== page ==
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International law and armed non-state actors in Afghanistan

31-03-2011 Article, International Review of the Red Cross, No. 881, by Annyssa Bellal, Gilles Giacca, Stuart Casey-Maslen

An effective legal regime governing the actions of armed non-state actors in Afghanistan should encompass not only international humanitarian law but also international human rights law. Although the applicability of international human rights law to armed non-state actors remains highly controversial its applicability to such actors exercising control over a population is slowly becoming more accepted.

Abstract

An effective legal regime governing the actions of armed non-state actors in Afghanistan should encompass not only international humanitarian law but also international human rights law. While the applicability of Common Article 3 of the 1949 Geneva Conventions to the conflict is not controversial, how and to what extent Additional Protocol II applies is more difficult to assess, in particular in relation to the various armed actors operating in the country. The applicability of international human rights law to armed non-state actors – considered by the authors as important, particularly in Afghanistan – remains highly controversial. Nevertheless, its applicability to such actors exercising control over a population is slowly becoming more accepted. In addition, violations of peremptory norms of international law can also directly engage the legal responsibility of such groups.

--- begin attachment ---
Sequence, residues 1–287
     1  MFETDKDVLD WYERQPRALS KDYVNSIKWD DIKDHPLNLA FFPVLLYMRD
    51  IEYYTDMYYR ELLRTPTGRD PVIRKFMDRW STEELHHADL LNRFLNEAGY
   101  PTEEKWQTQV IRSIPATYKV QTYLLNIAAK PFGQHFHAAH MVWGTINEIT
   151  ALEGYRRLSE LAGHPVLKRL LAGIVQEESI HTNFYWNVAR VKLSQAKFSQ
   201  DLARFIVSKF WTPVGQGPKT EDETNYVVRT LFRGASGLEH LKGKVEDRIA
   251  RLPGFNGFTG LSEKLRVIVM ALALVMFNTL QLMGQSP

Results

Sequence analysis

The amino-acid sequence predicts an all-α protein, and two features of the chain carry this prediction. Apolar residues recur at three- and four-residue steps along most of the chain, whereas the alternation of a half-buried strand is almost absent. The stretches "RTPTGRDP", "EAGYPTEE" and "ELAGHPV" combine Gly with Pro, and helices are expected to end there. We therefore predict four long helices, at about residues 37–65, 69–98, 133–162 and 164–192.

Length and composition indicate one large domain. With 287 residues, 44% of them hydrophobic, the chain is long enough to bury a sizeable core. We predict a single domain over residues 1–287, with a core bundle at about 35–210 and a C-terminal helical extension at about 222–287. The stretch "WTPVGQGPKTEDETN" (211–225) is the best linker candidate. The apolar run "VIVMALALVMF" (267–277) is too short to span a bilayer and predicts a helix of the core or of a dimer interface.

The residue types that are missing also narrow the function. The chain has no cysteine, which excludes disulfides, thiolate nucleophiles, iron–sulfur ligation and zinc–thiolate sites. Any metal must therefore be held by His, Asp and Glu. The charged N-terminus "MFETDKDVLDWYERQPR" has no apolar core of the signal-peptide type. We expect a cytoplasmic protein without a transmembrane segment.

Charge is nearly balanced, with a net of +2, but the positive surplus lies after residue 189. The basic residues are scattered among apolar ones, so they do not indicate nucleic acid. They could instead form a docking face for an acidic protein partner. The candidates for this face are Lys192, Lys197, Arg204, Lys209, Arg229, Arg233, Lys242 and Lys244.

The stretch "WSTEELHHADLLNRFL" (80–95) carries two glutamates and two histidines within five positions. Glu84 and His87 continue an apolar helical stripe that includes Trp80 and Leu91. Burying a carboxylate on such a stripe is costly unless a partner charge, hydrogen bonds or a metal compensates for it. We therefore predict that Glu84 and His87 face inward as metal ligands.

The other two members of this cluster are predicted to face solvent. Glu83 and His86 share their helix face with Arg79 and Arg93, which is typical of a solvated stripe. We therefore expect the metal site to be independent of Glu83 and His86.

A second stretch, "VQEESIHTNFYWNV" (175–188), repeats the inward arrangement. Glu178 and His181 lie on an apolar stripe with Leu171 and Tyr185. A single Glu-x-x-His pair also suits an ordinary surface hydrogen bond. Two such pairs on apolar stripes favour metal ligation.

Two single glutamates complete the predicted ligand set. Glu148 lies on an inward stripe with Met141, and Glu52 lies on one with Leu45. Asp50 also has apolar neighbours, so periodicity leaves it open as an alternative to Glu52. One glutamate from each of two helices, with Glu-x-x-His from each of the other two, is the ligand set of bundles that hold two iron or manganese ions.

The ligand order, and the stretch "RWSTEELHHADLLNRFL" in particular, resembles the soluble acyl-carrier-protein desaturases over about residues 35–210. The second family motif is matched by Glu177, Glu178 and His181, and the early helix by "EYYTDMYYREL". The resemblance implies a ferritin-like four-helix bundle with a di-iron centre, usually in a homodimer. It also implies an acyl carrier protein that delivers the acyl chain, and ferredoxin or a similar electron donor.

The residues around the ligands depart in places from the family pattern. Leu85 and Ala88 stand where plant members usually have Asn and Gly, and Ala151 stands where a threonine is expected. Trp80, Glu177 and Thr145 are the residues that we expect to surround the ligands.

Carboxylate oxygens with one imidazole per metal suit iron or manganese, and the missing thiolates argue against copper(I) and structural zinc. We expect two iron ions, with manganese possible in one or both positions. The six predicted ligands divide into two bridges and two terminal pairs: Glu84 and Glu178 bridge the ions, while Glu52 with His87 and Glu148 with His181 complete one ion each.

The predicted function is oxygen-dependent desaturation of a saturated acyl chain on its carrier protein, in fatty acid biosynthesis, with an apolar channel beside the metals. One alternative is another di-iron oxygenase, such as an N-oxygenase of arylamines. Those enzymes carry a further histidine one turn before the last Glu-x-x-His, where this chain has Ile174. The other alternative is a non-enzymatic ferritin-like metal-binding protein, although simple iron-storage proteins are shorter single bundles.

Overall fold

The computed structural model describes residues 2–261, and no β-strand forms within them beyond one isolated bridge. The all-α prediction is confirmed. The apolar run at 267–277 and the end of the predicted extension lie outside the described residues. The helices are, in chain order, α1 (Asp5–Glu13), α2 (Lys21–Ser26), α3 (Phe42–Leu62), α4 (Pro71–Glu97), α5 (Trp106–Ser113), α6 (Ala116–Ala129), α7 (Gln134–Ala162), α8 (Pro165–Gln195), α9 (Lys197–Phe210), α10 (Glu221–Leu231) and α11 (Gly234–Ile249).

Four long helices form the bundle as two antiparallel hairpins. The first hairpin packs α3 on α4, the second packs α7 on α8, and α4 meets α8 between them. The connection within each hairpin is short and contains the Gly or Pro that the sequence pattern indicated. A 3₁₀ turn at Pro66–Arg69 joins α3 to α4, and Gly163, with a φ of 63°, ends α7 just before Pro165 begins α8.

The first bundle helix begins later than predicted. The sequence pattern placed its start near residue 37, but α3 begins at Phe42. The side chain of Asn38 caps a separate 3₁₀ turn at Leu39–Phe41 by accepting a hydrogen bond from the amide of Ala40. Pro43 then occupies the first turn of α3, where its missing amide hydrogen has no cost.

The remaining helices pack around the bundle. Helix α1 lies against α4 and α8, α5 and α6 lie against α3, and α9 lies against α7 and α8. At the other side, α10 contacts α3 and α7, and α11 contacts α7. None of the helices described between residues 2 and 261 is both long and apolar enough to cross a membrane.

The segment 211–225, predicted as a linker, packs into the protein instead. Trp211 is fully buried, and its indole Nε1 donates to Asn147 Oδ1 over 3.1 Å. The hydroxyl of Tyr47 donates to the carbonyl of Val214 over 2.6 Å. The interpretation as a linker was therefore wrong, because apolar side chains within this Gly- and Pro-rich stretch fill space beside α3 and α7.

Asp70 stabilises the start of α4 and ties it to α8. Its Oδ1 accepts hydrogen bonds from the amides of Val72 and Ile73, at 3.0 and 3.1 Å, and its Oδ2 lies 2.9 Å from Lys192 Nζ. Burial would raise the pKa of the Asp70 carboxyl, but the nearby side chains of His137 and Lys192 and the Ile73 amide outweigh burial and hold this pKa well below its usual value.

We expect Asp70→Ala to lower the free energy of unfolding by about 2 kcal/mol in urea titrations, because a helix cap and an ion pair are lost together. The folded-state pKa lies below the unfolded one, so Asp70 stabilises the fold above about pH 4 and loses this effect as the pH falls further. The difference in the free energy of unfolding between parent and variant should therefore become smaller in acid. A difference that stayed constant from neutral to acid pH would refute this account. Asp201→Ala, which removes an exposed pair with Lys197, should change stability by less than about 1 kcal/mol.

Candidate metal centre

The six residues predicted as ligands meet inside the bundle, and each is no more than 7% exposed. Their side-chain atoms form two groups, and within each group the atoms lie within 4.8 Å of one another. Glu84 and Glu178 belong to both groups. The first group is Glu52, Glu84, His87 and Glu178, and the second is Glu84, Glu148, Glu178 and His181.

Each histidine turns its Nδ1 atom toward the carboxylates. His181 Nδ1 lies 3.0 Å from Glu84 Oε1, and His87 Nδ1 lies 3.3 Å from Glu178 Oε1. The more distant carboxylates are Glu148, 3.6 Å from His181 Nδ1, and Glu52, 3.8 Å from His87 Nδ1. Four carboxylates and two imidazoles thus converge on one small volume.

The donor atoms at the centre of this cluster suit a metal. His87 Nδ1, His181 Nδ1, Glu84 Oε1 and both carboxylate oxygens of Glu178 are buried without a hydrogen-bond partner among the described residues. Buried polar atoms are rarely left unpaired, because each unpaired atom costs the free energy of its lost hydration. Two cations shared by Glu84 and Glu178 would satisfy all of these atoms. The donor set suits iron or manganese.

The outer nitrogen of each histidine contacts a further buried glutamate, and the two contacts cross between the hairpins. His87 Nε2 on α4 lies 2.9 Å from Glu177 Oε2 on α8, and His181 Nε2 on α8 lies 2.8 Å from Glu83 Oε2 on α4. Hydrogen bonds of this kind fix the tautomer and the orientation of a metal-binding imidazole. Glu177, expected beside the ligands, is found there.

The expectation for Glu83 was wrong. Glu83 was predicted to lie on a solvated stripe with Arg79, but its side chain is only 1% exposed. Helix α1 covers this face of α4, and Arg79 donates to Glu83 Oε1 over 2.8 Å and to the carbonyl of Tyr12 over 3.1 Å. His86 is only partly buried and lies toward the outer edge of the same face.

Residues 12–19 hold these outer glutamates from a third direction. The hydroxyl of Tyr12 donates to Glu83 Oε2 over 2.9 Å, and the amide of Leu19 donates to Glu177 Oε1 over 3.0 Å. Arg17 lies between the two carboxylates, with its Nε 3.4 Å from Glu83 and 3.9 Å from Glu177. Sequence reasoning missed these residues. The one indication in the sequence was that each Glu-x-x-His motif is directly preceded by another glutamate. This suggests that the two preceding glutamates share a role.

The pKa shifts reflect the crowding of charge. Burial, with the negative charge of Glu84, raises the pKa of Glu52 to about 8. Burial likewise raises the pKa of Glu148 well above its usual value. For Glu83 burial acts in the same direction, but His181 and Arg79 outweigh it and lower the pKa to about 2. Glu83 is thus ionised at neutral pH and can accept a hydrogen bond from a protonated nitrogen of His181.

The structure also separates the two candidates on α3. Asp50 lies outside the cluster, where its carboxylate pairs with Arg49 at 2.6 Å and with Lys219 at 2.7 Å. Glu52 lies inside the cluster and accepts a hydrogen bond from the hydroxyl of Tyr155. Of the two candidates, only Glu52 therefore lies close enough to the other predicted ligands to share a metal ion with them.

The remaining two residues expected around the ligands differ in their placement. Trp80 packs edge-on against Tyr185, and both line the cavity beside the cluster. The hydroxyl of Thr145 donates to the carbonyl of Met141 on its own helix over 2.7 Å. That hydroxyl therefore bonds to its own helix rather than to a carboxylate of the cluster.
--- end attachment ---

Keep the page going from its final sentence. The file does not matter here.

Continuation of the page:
Biography

Dr Annyssa Bellal, Gilles Giacca, and Dr Stuart Casey-Maslen are researchers at the Geneva Academy of International Humanitarian Law and Human Rights.


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